Shattered Dreams - The Lure of Booze and Drugs

Many cruisers have to interrupt their travels to fly home and replenish their cruising kitty. My husband and I had to interrupt our Mexican cruise for an entirely different reason: his relapse after nearly 11 years of sobriety. Although it may seem like the following is all about him, don't be fooled; I was just as much a part of the insanity that ensued. We both wanted to write this article as a cautionary tale of some of the obstacles that can occur when you go cruising.

We married 5 1/2 years ago after meeting through an ad in the Personals. From the first, we talked about going cruising. My husband worked as a maritime electrician on the docks in L.A. Harbor while I was an advertising executive. We were both in recovery: he in AA, and I in Al-Anon. I moved aboard his 45-foot ketch a week after we married, and we concentrated on paying off our bills to save money for a two to three year cruise. We were both much more interested in our cruising plans than in attending our support groups.

Unfortunately, two years after we married, my husband was seriously injured on the job and retired on permanent disability. After his initial surgery, one of the first things I asked the surgeon was if my husband could still sail. The doctor assured me that he could, so we continued with our plans. After several surgeries, my husband had recovered to the point that we signed up for the '98 Baja Ha-Ha.

My husband's best friend had always planned to come cruising with us. Twenty years before, he and my husband had sailed in the Sea of Cortez for a few months. They remembered having a grand old time, drinking and carousing their way through their cruise. My husband had many happy memories of this time, and though both he and his friend had stopped drinking at the same time a few years later, they were both viewing this trip as a return to those carefree times.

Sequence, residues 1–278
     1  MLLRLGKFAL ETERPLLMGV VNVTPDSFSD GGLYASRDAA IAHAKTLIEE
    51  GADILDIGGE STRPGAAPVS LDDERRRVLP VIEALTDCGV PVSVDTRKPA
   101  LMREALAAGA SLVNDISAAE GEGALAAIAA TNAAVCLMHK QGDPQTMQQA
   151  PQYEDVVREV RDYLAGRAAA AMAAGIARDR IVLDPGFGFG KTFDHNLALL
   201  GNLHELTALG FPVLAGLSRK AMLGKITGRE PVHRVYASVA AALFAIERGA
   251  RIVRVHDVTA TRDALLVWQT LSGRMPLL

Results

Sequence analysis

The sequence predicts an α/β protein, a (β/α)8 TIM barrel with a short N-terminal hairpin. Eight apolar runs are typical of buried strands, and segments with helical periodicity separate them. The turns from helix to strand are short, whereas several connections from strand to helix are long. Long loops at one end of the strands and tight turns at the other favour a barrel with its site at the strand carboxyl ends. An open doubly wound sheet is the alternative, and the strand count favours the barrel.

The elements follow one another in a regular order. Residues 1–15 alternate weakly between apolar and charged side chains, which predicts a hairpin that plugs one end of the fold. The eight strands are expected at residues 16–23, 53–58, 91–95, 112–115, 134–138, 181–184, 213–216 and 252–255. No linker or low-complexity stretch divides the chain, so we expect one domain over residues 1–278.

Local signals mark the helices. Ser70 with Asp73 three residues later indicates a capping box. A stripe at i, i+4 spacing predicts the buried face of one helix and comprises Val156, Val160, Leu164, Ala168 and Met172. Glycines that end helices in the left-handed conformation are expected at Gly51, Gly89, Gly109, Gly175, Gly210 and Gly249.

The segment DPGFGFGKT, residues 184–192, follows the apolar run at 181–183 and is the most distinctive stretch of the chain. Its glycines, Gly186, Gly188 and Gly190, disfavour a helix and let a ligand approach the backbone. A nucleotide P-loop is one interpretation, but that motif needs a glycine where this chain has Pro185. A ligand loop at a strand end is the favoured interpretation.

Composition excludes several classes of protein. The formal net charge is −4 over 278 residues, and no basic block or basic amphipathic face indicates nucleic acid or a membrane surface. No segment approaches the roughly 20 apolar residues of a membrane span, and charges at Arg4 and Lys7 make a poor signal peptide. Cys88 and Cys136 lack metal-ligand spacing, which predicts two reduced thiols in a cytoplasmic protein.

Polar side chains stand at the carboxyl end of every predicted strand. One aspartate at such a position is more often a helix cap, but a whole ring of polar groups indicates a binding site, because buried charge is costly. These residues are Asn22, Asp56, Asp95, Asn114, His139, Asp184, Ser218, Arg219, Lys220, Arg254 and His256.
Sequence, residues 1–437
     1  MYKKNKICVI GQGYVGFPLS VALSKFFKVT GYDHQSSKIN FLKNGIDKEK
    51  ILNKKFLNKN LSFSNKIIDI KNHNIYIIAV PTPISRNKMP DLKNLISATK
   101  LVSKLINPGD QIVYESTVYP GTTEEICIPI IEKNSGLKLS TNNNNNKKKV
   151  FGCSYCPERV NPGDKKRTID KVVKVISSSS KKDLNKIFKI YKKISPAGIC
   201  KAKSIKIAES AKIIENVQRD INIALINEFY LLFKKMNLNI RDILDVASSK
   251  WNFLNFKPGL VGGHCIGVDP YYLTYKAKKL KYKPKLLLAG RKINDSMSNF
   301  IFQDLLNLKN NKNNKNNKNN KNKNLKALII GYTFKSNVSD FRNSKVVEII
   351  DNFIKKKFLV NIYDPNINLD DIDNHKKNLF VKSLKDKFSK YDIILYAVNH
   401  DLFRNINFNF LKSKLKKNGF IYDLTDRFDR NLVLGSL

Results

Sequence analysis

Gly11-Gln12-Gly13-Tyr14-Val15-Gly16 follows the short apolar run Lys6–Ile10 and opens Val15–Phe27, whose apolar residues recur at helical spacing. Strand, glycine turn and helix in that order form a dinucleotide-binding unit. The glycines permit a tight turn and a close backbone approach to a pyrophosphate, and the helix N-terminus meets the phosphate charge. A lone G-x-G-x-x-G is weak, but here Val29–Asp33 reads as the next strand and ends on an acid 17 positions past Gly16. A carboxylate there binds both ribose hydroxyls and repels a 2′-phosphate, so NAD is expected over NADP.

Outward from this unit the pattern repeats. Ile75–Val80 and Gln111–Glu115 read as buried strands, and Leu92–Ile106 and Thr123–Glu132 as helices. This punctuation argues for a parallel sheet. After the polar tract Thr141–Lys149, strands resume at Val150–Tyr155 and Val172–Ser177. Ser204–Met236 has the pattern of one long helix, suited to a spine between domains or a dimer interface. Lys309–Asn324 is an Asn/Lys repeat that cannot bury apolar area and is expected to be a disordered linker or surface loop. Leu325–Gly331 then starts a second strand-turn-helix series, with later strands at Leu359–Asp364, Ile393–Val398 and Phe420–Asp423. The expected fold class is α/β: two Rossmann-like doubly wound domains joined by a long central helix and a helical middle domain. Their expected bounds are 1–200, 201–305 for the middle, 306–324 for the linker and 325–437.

Before the start of the Ha-Ha, we took a shakedown cruise to the Channel Islands. The trip was strained for several reasons. For one thing, my husband had been prescribed Vicodin for his considerable back pain, but the painkiller made him irritable � and at times uncontrollably angry. And his best friend had developed a daily marijuana habit that he had to give up in order to be on the boat with us. This enforced abstinence made him tense and moody. My husband and I quarreled frequently, and I wasn't able to control my own temper. Our friend was often caught in the middle. We made it through the cruise, but once back in our slip our friend announced he would not be going cruising with us. He then moved off the boat.

My husband and I decided to sail with the Ha-Ha anyway, and another friend volunteered to join us for the sail from San Diego to Cabo. We left with the fleet and had a good sail to Turtle Bay. However, the beach party in Turtle Bay awoke powerful feelings of nostalgia in my husband for those fun times of old in Mexico. So a week before his 11th anniversary in AA, he started drinking from a bottle of Damiana liqueur we had on the boat. Ironically, this liqueur comes in a bottle shaped like a naked woman, because that's what booze was to him � his mistress.